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I'm not sure to use Travis-CI for my client-side JavaScript library or not, because it compiles with NodeJs on Travis-CI servers.

I want to know is this a good approach to use some kind of continuous integration such as Travis-CI for client-side libraries or not?

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2 Answers 2

up vote 16 down vote accepted

Yes of course you should use continous integration with client side libraries.

I personally use PhantomJS (headless webkit browser) which is already installed in Travis-CI. I think this is the better option for client-side stuff than NodeJs.

If you use Grunt, it gets even easier to use, all you need is a simple grunt.js file, your tests that run in browser (I use QUnit), and a simple .travis.yml

grunt.js:

module.exports = function(grunt) {
    // Project configuration.
    grunt.initConfig({
        qunit: {
            files: ['test/index.html']
        }
    });

    // Load plugin
    grunt.loadNpmTasks('grunt-contrib-qunit');

    // Task to run tests
    grunt.registerTask('test', 'qunit');
};

.travis.yml:

before_script:
  - sudo npm install -g grunt

script: grunt test --verbose --force

You can see it in action at one of my projects (source at GitHub).

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1  
Wouldn't the mention of grunt as a devDependency in the package.json file, eliminate the need for the before_script part? –  Andreas Köberle Dec 10 '12 at 11:03
    
This is correct if you are using NPM to resolve dependencies. In my case I have a PHP project so I have to specify this dependency in the before_script –  Odi Dec 10 '12 at 16:17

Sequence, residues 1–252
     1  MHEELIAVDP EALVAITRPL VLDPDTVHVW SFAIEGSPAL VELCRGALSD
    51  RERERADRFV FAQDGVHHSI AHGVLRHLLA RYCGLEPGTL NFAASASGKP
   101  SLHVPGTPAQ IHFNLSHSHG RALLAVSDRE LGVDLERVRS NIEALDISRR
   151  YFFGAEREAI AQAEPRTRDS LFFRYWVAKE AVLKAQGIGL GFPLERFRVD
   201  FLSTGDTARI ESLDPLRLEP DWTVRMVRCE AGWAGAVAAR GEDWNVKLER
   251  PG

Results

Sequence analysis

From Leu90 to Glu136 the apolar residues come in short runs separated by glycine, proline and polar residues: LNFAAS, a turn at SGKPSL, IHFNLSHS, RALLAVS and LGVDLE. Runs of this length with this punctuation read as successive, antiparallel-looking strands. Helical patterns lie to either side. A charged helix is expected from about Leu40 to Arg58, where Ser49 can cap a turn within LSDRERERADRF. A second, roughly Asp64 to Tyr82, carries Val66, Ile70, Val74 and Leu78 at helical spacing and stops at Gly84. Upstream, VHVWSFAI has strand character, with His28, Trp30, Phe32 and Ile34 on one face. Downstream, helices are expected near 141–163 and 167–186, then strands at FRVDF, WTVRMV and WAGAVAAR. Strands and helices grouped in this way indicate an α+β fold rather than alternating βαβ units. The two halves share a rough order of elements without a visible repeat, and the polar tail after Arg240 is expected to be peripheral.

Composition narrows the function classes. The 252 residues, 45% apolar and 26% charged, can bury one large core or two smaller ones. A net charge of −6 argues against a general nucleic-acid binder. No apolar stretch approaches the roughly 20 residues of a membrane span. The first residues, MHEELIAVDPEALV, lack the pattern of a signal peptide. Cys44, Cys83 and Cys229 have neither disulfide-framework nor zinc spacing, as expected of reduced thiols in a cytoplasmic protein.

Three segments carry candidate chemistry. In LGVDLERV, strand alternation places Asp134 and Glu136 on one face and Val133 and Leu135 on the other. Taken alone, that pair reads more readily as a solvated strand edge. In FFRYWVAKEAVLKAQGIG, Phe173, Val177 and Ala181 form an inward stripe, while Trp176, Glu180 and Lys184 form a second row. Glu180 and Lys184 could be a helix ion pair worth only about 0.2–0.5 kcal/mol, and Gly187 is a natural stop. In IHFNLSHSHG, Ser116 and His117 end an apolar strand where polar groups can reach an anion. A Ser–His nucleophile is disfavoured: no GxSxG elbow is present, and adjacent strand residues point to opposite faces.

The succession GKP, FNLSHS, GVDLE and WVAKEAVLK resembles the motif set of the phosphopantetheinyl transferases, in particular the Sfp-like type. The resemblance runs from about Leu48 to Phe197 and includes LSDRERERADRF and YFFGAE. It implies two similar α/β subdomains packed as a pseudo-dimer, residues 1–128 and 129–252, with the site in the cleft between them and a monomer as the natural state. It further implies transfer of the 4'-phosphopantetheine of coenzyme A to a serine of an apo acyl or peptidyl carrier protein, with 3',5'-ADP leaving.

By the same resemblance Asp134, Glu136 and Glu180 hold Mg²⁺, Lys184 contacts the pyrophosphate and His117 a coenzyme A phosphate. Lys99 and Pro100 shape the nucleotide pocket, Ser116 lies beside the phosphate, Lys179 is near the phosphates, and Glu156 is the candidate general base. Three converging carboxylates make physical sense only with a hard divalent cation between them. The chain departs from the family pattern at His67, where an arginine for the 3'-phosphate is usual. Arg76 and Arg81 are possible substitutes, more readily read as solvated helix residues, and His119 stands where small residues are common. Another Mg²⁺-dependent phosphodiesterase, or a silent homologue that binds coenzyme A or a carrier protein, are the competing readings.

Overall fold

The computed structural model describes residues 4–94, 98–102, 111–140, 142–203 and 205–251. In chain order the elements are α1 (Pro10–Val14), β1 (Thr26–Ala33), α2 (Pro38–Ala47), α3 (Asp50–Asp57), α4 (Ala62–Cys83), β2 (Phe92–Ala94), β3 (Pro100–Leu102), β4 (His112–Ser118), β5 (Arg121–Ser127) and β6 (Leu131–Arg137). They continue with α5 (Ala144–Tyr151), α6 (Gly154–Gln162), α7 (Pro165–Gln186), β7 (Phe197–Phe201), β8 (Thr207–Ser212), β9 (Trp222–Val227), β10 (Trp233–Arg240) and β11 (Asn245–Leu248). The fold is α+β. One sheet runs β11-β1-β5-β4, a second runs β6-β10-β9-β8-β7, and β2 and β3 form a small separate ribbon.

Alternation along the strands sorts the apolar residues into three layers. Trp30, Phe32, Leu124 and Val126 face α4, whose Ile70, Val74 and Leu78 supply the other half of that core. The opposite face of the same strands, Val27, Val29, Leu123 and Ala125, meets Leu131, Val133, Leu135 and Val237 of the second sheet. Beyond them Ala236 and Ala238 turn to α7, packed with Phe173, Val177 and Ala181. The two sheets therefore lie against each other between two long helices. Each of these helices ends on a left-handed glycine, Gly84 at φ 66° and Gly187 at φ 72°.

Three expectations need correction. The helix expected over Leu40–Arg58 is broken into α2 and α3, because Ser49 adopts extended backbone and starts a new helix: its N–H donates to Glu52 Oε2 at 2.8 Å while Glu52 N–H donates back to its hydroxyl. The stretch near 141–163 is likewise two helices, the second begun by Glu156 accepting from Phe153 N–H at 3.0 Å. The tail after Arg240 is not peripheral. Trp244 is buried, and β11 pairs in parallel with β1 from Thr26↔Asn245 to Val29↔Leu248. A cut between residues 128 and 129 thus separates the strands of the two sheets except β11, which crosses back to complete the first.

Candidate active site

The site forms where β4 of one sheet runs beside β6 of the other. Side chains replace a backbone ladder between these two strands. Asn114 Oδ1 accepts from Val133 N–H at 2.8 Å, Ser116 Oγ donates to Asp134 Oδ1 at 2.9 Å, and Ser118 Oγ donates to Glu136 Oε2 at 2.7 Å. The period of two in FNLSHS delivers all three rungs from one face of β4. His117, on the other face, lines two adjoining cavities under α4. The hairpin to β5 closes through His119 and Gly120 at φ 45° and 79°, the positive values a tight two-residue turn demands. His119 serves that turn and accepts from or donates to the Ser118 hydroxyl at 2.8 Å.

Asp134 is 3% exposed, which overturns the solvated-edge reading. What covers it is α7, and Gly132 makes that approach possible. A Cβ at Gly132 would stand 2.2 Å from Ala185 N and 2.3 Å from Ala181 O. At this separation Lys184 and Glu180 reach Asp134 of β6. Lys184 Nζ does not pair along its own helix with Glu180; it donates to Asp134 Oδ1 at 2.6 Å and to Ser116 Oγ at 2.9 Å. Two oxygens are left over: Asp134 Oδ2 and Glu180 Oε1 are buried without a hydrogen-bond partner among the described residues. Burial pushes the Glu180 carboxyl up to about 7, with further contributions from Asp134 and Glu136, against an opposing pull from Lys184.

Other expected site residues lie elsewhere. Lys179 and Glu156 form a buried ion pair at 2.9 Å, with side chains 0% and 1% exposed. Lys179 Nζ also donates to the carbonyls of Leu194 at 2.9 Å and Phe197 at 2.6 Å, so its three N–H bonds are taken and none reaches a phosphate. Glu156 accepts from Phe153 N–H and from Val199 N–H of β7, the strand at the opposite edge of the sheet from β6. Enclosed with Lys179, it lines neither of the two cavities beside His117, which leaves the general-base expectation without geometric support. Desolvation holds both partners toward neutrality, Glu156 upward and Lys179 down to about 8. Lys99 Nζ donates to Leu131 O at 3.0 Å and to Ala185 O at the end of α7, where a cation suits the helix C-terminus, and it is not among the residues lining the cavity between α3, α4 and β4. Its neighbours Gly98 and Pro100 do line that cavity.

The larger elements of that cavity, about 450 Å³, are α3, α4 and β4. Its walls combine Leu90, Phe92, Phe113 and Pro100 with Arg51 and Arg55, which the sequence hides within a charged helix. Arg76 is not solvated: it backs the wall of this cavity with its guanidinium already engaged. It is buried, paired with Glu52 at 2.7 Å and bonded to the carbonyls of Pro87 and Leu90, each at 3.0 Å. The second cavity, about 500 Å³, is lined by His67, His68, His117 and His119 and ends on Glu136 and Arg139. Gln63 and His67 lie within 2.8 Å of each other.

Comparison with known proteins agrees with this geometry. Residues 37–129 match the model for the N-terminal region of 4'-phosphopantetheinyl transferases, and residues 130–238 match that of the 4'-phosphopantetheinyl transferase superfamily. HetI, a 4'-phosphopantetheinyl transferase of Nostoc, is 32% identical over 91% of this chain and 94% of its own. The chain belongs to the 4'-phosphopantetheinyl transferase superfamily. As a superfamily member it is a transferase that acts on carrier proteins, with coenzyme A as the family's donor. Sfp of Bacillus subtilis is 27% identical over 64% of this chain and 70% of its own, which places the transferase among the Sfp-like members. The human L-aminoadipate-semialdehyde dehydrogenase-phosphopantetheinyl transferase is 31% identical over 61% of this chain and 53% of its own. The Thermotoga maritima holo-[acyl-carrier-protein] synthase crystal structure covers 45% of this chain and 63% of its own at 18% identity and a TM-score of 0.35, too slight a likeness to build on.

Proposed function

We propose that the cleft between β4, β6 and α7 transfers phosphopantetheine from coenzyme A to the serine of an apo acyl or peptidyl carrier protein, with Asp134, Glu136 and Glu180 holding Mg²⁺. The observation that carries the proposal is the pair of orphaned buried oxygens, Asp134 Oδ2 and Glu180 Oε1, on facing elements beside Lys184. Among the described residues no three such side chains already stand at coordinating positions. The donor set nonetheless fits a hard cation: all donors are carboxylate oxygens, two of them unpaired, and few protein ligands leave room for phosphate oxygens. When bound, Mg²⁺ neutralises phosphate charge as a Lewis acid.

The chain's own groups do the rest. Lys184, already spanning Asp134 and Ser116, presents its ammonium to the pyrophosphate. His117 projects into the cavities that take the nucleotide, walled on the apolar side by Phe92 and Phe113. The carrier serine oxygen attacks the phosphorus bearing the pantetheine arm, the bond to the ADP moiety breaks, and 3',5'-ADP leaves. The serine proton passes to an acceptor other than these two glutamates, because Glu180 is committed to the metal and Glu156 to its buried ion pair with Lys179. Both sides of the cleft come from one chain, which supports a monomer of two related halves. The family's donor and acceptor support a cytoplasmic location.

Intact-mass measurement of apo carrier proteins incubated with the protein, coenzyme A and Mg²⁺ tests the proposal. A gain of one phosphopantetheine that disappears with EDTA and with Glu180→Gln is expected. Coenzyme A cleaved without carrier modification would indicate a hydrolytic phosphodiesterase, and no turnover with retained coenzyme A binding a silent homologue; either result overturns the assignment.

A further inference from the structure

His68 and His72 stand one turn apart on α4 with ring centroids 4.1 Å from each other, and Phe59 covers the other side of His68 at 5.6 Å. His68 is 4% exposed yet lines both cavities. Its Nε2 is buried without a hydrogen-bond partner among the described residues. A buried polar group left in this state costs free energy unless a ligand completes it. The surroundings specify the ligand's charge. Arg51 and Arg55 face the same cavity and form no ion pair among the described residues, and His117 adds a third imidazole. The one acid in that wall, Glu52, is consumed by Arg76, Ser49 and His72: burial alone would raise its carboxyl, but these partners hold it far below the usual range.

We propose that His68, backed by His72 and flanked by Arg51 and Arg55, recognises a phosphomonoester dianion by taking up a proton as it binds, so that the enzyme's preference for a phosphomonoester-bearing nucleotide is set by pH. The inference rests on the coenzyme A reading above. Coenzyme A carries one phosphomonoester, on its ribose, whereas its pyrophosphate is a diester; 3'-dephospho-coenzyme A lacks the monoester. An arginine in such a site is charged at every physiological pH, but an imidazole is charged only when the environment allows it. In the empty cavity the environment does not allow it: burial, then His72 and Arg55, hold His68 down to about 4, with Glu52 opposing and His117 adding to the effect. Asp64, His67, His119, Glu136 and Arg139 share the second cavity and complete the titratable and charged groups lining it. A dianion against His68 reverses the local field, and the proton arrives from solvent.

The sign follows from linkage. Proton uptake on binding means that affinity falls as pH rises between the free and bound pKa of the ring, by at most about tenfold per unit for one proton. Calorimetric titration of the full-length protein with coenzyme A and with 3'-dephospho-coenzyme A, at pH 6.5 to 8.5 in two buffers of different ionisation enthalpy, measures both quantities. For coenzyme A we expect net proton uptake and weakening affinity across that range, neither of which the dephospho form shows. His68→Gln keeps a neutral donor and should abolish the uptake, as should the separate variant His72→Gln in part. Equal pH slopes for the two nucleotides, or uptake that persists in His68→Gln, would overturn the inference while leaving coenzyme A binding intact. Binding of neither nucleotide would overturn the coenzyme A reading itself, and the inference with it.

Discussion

"see it in action" link is dead. –  gbmhunter Feb 17 at 2:02
    
@gbmhunter you're right, I just fixed it. Thanks for reporting! –  Odi Feb 17 at 9:41
    
"see it in action" link is dead again. –  andig May 4 at 11:57

I started with the answer from Odi and moved to gulp to get it working. If you specify node_js as your language in your travis file, travis will automatically run

npm install

followed by

npm test

The first will install any devDependencies specified in a package.json file, the second will run the script named "test" also from package.json. Below you'll find the three files I needed to have in the top level of my repo for travis to run a single qunit suite.

.travis.yml

language: node_js
node_js:
  - "0.10"

gulpfile.js

var gulp = require('gulp'),
    qunit = require('gulp-qunit');

gulp.task('default', function() {
    return gulp.src('./tests/unit/unittests_nupic-js.html')
        .pipe(qunit());
});

package.json

{
  "name": "nupic-js",
  "version": "0.0.1",
  "description": "JavaScript port of NuPIC",
  "license": "GPL-3.0",
  "repository": "iandanforth/nupic-js",
  "bugs": { "url" : "http://github.com/iandanforth/nupic-js/issues"
  },
  "author": {
    "name": "Ian Danforth",
    "email": "iandanforth@gmail.com"
  },
  "engines": {
    "node": ">=0.10.0"
  },
  "scripts": {
    "test": "gulp"
  },
  "keywords": [
    "numenta",
    "nupic",
    "machine learning"
  ],
  "devDependencies": {
    "gulp-qunit": "~0.2.1",
    "gulp-util": "~2.2.14",
    "gulp": "~3.5.1"
  }
}
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